Doctors and scientists continue to be baffled by the disease, because so little is known about it. The disease has many different strains and often resists common antibiotics. There are no vaccines so far. There is still little evidence to show how the infection could stay dormant for years in some patients and appear quickly in others, and why some people who are exposed to the bacterium get infected, while others do not.
But, some of these questions are likely to be answered soon. Scientists from Britain's Sanger Institute announced that they had, for the first time, identified all the 6,000 genes of the bacterium which causes melioidosis. This ‘genetic atlas,’ said the institute's Dr Matthew Holden, will help scientists understand how it causes the disease and develop better diagnostic tools, drugs, and vaccines.
Melioidosis is caused through direct contact of bruised skin with the soil, leading to abscesses and conditions such as septicemia, or blood poisoning, in which people with low immunity are felled by bacteria that enter their bloodstream. The melioidosis bacterium lives mostly in clay soils, 25 to 45 cm deep, but monsoon rains can bring it to the surface.
Malaria — Papua New Guinea (Southern Highlands)
Source: The National, Port Moresby 21 August 2004 [edited]
Health authorities have confirmed that the mysterious illness that killed over 90 people in the Kagua district of the Southern Highlands province early this year was malaria. Four medical teams were sent to Kagua to investigate the cause of the deaths and to administer drugs on a mass basis, after the deaths were reported in The National newspaper in July 2004.
Michael Mombu, acting coordinator for Rural Health Services in Mendi, said yesterday that they discovered from the analysis of blood samples taken that the victims died of malaria. The teams visited affected villages two weeks ago and collected blood samples, while carrying out mass drug administration and spraying DDT, an insecticide that kills mosquitoes, at suspected breeding areas.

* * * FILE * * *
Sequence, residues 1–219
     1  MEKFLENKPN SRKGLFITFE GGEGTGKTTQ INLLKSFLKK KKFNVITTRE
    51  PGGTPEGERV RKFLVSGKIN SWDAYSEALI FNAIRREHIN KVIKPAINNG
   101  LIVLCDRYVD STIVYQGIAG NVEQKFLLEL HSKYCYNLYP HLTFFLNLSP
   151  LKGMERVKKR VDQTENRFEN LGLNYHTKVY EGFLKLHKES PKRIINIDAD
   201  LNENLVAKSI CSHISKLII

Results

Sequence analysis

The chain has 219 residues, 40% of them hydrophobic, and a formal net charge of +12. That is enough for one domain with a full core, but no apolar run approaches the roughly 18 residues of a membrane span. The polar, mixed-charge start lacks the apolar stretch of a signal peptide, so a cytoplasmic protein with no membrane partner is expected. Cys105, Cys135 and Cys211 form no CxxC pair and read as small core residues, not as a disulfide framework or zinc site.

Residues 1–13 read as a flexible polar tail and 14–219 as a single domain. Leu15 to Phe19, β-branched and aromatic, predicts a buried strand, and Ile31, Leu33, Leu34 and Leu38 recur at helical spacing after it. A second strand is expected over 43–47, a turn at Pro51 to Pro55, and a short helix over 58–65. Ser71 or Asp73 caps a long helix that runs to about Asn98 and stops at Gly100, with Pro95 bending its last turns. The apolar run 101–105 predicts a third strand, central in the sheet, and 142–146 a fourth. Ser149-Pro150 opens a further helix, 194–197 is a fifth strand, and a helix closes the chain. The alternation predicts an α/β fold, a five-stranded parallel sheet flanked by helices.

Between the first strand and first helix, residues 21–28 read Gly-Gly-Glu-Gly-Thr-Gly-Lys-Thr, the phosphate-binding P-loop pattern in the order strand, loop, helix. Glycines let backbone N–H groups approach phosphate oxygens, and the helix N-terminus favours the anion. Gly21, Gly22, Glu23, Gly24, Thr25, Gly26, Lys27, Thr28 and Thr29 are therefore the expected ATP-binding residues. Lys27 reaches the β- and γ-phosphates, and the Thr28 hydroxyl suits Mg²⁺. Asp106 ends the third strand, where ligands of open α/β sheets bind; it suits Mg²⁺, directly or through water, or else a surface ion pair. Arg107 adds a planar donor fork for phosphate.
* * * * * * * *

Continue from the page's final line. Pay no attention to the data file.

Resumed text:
Mr Mombu said that because the malaria parasites developed resistance to chloroquine, the unavailability of alternate drugs may have led to the deaths. He said they were currently giving patients strong antimalarial drugs like quinine, artemether, and fansidar. He said the situation appears to have been brought under control, because no more deaths have been reported in the area.
He said that in other parts of the province, like Poroma in the Nipa/Kutubu electorate, where similar outbreaks were reported to have claimed 30 lives, a similar exercise was implemented to bring the situation under control.
ProMED-mail reported an outbreak of a fatal disease in the Southern Highlands of Papua New Guinea around 1 August 2004, and the Papua New Guinea authorities have now resolved the outbreak and determined it was due to malaria. Malaria remains a serious health problem in coastal and inland regions, affecting 15 provinces. It is endemic up to an altitude of 1,200–1,500 metres, where it becomes epidemic. Transmission is persistently high throughout the year, with Plasmodium falciparum causing an estimated 75 per cent of infections. Malaria is the third leading cause of hospital admissions and deaths. Among the contributing factors are shortages in health care personnel, breakdowns in drug supplies to rural areas, and lack of vector control. Only the higher mountainous areas and Port Moresby are malaria-free. Chloroquine resistance is regarded as widespread, and chloroquine should not be used for either treatment or prophylaxis. The overall risk of malaria in PNG was 1.7 per 1,000 population in 2000 and 14.3 per 1,000 in 2002 (WHO). The apparent increase may be due to enhanced reporting and not a true rise in incidence.
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CJD (new variant) — UK: update 2004
Source: UK Department of Health, Monthly Creutzfeldt-Jakob Disease 2 August 2004 [edited]
- Deaths from definite vCJD (confirmed): 104
- Deaths from probable vCJD (without neuropathological confirmation): 38
- Deaths from probable vCJD (neuropathological confirmation pending): 0
- Total number of deaths from definite or probable vCJD (as above): 142
- Number of probable vCJD cases still alive: 5
- Number of definite or probable vCJD (dead and alive): 147
These figures are unchanged from those published on 6 July 2004 for the preceding month, and the total number of vCJD cases (dead and alive) remains at 147. This is an additional indication that the vCJD epidemic in the UK may have passed its peak. Only one new case of vCJD has been confirmed during the past six months. This brings the total number of new cases of vCJD, during 2004, to four, compared to 18 deaths during 2003, and, a peak of 28 deaths in the year 2000. However, the identification of vCJD prions in the spleen of an elderly blood transfusion recipient, who, unlike all previous cases, was heterozygous at codon 129 of the PRNP gene, introduces new uncertainties into estimates of the possible course of the vCJD epidemic.